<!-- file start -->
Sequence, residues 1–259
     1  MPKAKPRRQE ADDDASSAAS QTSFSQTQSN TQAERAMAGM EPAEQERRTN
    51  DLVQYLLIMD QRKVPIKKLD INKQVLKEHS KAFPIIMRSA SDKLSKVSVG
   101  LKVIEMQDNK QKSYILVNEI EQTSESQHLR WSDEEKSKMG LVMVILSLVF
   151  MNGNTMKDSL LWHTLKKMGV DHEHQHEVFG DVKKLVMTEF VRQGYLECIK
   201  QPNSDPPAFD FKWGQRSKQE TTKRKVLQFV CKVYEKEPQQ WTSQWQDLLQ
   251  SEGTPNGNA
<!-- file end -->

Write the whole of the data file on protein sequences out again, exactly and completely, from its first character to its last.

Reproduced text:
Sequence, residues 1–259
     1  MPKAKPRRQE ADDDASSAAS QTSFSQTQSN TQAERAMAGM EPAEQERRTN
    51  DLVQYLLIMD QRKVPIKKLD INKQVLKEHS KAFPIIMRSA SDKLSKVSVG
   101  LKVIEMQDNK QKSYILVNEI EQTSESQHLR WSDEEKSKMG LVMVILSLVF
   151  MNGNTMKDSL LWHTLKKMGV DHEHQHEVFG DVKKLVMTEF VRQGYLECIK
   201  QPNSDPPAFD FKWGQRSKQE TTKRKVLQFV CKVYEKEPQQ WTSQWQDLLQ
   251  SEGTPNGNA